Over the past month, farmers across southeast and south central Missouri have let me into their day to day lives, opening up their homes – and their barns – sharing the issues they struggle with and talking about what I can do to help.

During last year’s focus on farms, the biggest concern I heard about was government overreach and regulations. Fortunately, President Trump and I have begun the work to remove many of those burdensome regulations. We’ve made a difference, but there’s always more to be done. This year, the new concerns I heard were about our complicated tax code, skyrocketing healthcare costs for families and how hard it is to find labor when competing against robust government welfare programs.

Agriculture is one of the top drivers for Missouri’s economy, and like every other business, young family or budding entrepreneur, our farmers need relief from this country’s complicated and burdensome tax code. Not only are many of these folks farmers, but they run agribusinesses as well. Whether their farm hosts a fall festival or runs a farmer’s market, they are overwhelmed each year by the work they have to do just to figure out how much money they owe the federal government. It’s not right. The government should be taking the least amount of money from people as possible.

In Ozark and Pemiscot County, farmers and small agribusiness owners shared with me that when looking for talented labor, they simply cannot compete with robust, liberal federal welfare programs. Multiple times, I heard folks sitting on the employment sidelines tell me that they can make just as much money or, in some cases, more money on government programs than they can by doing an honest day’s work. There is a tremendous amount of pride in knowing you worked hard for what you earned. That’s how I grew up. I think it’s important to pass that work ethic along and not let folks just get something for nothing. That’s why I support work requirements for welfare recipients so we can reduce poverty and government dependency while increasing self-sufficiency.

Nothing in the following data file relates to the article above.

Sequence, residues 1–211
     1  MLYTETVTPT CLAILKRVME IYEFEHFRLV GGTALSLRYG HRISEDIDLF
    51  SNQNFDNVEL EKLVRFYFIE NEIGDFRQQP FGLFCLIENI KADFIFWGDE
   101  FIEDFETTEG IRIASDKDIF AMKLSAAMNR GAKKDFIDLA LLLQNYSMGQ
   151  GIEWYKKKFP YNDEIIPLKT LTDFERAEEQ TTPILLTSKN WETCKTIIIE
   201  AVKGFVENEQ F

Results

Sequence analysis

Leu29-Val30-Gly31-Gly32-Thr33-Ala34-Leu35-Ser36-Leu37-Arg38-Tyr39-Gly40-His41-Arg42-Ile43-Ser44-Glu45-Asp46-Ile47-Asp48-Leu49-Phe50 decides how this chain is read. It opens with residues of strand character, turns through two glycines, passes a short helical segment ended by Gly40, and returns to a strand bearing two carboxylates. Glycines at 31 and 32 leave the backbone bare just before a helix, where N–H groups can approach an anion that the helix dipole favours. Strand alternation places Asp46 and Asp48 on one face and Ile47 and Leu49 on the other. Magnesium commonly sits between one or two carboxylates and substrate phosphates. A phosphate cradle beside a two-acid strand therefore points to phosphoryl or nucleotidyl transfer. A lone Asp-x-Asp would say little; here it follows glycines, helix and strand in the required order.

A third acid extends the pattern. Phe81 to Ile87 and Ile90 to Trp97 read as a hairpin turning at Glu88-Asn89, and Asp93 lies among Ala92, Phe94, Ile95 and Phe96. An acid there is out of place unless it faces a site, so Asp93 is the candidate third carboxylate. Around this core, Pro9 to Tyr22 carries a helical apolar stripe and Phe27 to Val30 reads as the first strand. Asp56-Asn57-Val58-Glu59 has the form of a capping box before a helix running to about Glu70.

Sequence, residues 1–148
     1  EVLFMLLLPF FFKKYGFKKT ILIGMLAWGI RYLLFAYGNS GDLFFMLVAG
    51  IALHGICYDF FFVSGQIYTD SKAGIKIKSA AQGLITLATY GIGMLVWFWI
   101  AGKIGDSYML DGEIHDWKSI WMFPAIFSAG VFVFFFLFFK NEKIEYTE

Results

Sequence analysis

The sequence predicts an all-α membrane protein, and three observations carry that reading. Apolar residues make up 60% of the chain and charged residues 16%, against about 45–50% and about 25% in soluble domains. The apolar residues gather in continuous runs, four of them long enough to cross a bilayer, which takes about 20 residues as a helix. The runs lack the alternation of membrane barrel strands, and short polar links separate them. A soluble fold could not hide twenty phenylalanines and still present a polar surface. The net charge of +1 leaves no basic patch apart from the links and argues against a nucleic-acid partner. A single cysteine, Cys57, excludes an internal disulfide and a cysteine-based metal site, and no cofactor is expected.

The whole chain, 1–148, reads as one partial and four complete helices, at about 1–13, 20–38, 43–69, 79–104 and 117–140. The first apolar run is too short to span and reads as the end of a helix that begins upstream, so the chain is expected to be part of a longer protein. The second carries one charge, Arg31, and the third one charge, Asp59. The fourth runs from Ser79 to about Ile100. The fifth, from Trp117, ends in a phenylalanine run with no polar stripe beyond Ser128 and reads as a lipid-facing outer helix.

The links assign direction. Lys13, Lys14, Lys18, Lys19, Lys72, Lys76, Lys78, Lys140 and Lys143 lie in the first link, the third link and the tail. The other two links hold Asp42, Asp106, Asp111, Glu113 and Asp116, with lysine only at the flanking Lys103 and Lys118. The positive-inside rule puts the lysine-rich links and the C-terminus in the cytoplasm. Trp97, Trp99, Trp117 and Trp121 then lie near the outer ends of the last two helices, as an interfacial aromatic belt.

I heard from folks in Crawford and Shannon County who are concerned about healthcare. Farmers in southeast and south central Missouri are plenty busy with taking care of their land, raising their families and running their agribusinesses, and they shouldn’t have to spend their valuable time worrying about how much health insurance is going to cost. That is why I'm fighting for Missourians to see the cost of their care up front, control the price of procedures and drive healthcare expenses down. I also helped author and pass a bill that will allow farmers and small businesses to ban together with other farmers in southeast and south central Missouri to buy health insurance and lower their costs.

Getting out of Washington and back to Missouri for longer than just a weekend was a welcome change from the multiple flights back and forth and having to sleep in my office. It was so good to be home. We drove more than 2,500 miles – about the same distance as driving from my home town of Salem to New York City and back – stopping in every county across southeast and south central Missouri to meet with our hardworking farmers. The best part about the time I got to spend with folks was hearing what I need to do to make a difference in your life. The couch in my office isn’t nearly as comfortable as my bed at home, but I’m proud to be back here, fighting for what Missourians need and fighting to keep our rural way of life out of the government’s hands.

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